Reviewed By Jeffrey Sanzel
The High Note is an entertaining if softened look at the high end domain of the music business. It has a sweet center and skirts many of the bigger issues that seem to peek around the corners. It is fortunate that it contains strong performances from many of its players, resulting in an enjoyable rom-com/behind-the-music hybrid.
The film features a vibrant Tracee Ellis Ross as Grace Davis, a star of grand proportions on the threshold of middle age. Ross is the daughter of Diana Ross — but the film is in no way about that legendary icon. Instead, it is actually a much smaller movie about a transitional moment in an epic career.
Davis’s personal assistant is the earnest and overwhelmed Maggie Sherwoode (played with just the right eagerness by Dakota Johnson). She has been Grace’s assistant for three years but her dream is to be a record producer; this drives the simple through-line.
After a misstep with Grace, she meets and befriends a gifted musician, David Cliff (charismatic Kelvin Harrison, Jr.), who is both self-effacing and unexplainably rich. Much to Maggie’s confusion, David plays supermarket openings and bar mitzvahs and doesn’t seem to want to move beyond these comfortable gigs. Maggie sees great potential and makes a move that ends up both bold and dishonest, temporarily fracturing their budding relationship, and causing damage she did not anticipate.
The best scenes are those that focus on Grace and her frustration with being told who she is. Following a scene in which she faces off with executives who basically explain to her what her brand should be, she has a powerful scene with Maggie venting that this is the world she has had to face her entire career.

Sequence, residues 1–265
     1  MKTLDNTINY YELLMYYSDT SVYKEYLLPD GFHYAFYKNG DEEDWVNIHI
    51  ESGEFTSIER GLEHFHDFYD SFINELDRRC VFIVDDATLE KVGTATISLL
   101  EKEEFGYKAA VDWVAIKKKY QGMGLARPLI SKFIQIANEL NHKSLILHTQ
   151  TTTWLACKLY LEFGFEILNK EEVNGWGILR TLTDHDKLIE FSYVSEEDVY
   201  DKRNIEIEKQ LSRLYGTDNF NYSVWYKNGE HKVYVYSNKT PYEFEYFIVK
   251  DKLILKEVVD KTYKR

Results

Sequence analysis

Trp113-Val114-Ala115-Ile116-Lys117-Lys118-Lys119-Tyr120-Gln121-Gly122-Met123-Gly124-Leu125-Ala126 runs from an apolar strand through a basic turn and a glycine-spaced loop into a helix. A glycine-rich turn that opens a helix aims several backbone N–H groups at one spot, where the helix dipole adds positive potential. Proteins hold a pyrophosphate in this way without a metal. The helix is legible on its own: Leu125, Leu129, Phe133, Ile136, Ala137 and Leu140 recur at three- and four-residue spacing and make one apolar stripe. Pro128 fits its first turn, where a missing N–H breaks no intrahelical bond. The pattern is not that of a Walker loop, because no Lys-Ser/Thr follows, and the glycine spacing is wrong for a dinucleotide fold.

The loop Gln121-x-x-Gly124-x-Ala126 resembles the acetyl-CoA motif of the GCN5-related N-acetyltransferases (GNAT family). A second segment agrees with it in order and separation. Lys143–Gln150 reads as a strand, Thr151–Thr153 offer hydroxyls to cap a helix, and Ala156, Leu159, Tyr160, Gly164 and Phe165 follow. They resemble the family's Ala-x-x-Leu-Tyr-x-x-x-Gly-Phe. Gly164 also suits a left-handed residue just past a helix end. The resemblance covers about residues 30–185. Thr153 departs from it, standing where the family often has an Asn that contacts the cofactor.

Ross (best known for her portrayal of Rainbow Johnson on ABC’s sitcom Blackish) is able to navigate the humor that surrounds the over-the-top and extravagant life of a diva with the inner core of someone who has faced incredibly challenging hurdles and obstacles.
Grace is not The Devil Wears Prada; played by Ross, she is a human being who has made difficult decisions because of both her race and gender. As she weighs the option of a Vegas residency, we see her question her own judgment as a creative artist. A revelation later in the film (that is not a huge surprise) speaks volumes to the course of Grace’s life.
Kelvin Harrison, Jr., is pure charm and ease. Even in stillness, there is a warmth and openness that makes us hope for him to get his professional due. Dakota Johnson is an actor who is easy to like. She is always watchable and makes Maggie’s growth understandable if unsurprising.
Ice Cube plays Jack Robertson, Grace’s longtime manager, who has been with her since the beginning. He takes a role that could slide into predictability and caricature and infuses it with genuine mind and heart. While he mines all of the laughs, it is his understanding of the business that show both fire and passion. His commitment to Grace is real and goes beyond their fiscal connection.
Bill Pullman appears briefly Maggie’s supportive father. He isn’t given much to do but he has a pleasant, uncomplicated presence. Eddie Izzard has a cameo as a musician from whom Maggie asks a large favor. The scene takes place in a sauna and is as strange as one would expect with the off-beat Izzard.
One of the film’s strongest elements is the exceptional soundtrack. Both Ross and Harrison provide their own terrific vocals. It should be noted that this is the first time Ross has sung publicly, and it as a powerhouse debut. “Stop for a Moment” is nothing short of glorious.
There are not a great deal of fireworks in Flora Gleeson’s screenplay nor in Nisha Ganatra’s direction; the film eschews melodrama for real interactions. Together, with a first-rate cast, they have made The High Note tell a hopeful story in an engaging way.
Rated PG-13, The High Note is available On Demand.